At First Sight, Alamedans Welcome Density on Waterfront

Diego Aguilar-Canabal
Tuesday, January 10, 2017

Alameda’s Planning Board convened in council chambers to review the Encinal Terminals Master Plan, an ambitious proposal on the island’s waterfront facing Oakland. What proceeded was a spectacle most unusual in the Bay Area: a municipal public hearing in which virtually every attendee enthusiastically supported greater density.

“Across the estuary, Oakland will be building up to 30 stories at the Brooklyn Basin,” one speaker noted. “So I think fourteen stories might not even be tall enough to fit the surrounding area.”

The planning board generally concurred with this observation, commenting approvingly on the varying heights and “stepped-back” massing on the waterfront.

The current proposal comprises 589 dwelling units, ranging from 2-story townhomes to the aforementioned 14-story apartment building. It would also include a marina for boat rentals, three acres of open space for recreation, and over 50,000 square feet of commercial space for restaurants and retail.

Preliminary site plan for Encinal Terminals

One speaker expressed enthusiasm for the possibility of commuting across the estuary via kayak, but noted that Oakland and Alameda would have to adopt “kayak parking” infrastructure similar to Minneapolis. Board Member Lorre Zuppan also urged the developer, North Waterfront Cove, LLC, to consider building parking that could be adapted to other uses in the future, given the surge in ride-hailing services and generational decline in car ownership.

A staff report indicates that after the city rezoned the area from manufacturing to mixed-use, it remained vacant since 2010. Indeed, one speaker referred to the current site as “grey-field,” and several board members referenced the prevalence of bird droppings during a recent visit.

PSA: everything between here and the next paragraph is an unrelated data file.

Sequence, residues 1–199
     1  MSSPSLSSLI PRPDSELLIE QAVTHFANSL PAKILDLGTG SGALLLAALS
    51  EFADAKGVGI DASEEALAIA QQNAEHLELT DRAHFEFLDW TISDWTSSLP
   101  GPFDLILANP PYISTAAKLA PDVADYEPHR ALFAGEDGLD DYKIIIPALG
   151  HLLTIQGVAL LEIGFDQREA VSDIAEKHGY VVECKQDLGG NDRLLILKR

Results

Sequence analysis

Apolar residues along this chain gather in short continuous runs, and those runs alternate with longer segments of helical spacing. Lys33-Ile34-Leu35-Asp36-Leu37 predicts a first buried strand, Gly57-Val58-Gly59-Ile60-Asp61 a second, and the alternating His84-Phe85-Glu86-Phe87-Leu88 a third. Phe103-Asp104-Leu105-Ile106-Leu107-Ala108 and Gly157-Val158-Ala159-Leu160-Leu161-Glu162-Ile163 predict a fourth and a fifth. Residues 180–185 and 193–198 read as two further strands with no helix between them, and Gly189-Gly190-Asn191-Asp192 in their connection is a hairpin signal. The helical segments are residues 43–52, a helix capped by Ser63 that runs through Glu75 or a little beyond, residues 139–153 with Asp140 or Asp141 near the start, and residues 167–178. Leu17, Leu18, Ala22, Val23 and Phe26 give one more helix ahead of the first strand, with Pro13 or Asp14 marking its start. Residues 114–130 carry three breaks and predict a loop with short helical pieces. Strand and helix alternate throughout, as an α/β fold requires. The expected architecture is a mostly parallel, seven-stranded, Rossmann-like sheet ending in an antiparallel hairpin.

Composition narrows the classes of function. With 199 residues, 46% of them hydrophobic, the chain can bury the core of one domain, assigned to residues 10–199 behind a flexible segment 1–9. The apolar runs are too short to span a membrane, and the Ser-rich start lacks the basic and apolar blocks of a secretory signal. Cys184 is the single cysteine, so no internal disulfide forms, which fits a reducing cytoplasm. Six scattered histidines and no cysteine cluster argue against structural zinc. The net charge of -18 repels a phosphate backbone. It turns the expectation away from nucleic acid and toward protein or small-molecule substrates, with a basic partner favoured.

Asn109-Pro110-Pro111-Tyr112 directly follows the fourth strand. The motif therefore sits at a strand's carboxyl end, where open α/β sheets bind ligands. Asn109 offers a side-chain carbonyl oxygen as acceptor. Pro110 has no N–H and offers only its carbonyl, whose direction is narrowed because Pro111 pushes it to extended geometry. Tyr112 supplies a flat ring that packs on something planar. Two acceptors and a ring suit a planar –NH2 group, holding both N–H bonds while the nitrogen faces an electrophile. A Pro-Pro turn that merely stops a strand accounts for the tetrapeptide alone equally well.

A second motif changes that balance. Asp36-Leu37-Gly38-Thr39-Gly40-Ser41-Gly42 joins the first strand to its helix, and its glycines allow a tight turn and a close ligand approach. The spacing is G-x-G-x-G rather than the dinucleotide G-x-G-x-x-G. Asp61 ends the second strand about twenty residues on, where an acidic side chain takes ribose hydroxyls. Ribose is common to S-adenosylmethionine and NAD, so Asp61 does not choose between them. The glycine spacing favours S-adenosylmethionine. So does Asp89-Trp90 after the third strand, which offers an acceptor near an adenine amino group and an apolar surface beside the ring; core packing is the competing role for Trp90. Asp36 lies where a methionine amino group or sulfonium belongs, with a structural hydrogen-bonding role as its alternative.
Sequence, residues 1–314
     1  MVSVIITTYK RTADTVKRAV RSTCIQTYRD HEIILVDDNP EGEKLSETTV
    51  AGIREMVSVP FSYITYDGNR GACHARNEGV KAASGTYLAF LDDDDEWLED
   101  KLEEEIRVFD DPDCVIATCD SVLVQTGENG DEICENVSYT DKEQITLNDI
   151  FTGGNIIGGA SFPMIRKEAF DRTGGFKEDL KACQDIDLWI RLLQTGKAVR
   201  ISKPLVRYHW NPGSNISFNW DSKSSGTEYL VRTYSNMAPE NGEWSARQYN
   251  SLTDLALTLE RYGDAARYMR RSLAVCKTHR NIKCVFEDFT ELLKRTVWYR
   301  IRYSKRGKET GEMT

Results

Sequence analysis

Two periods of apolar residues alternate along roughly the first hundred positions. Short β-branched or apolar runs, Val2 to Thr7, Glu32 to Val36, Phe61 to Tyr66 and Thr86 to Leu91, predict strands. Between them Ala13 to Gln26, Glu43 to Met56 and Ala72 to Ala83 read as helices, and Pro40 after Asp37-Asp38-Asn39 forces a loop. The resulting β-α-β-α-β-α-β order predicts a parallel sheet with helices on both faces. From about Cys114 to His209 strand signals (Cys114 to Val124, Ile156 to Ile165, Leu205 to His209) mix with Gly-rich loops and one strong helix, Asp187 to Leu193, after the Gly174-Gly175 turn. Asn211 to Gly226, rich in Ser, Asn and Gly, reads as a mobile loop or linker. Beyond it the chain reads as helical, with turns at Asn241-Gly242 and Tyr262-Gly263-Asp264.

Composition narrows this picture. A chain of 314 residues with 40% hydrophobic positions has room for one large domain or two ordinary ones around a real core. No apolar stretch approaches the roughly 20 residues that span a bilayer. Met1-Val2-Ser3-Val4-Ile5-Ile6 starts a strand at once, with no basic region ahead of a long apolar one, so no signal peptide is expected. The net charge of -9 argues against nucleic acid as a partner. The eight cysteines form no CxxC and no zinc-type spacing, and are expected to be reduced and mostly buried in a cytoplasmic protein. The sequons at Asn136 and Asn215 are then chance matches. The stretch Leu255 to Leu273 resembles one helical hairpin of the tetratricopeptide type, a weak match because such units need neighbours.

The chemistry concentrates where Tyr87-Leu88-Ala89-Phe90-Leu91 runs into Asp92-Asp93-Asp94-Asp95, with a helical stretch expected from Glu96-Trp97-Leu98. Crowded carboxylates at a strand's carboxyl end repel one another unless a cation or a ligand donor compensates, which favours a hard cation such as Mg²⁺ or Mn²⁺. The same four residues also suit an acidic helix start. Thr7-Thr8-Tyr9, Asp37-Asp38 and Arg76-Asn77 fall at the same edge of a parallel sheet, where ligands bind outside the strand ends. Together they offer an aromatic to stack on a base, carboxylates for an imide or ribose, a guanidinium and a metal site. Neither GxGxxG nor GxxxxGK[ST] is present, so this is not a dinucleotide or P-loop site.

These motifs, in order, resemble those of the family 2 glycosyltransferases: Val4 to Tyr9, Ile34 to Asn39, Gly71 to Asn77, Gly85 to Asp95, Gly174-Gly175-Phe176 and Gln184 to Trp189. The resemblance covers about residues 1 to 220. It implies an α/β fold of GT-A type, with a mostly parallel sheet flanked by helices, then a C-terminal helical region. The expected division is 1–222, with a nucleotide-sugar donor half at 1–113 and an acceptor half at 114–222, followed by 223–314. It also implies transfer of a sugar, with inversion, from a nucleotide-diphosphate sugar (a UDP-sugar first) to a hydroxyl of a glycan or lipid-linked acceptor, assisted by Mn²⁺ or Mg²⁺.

Philip James, an Alameda resident, further clarified his support for the project: “We have a chance to turn a piece of land that's mostly inaccessible to the public into a public good, and that's a chance we should take,” James wrote in an email. “The one concern I have is for affordable housing - I wish there were more of it! Beyond that, I hope this project is successful, and helps Alameda families grow.”

Angela Hockabout, founder of the Alameda Renters Coalition, was even more unequivocal in her support. “The Encinal Terminal development has the potential to send a message to every Bay Area suburb that even development-adverse communities can build the dense neighborhoods we need to solve this housing crisis,” she said.

“The only way we are going to mitigate the housing crisis is to build up,” Hockabout added. “California needs to build 1.8 million homes by 2025 and I intend to see each and every one of those units built.”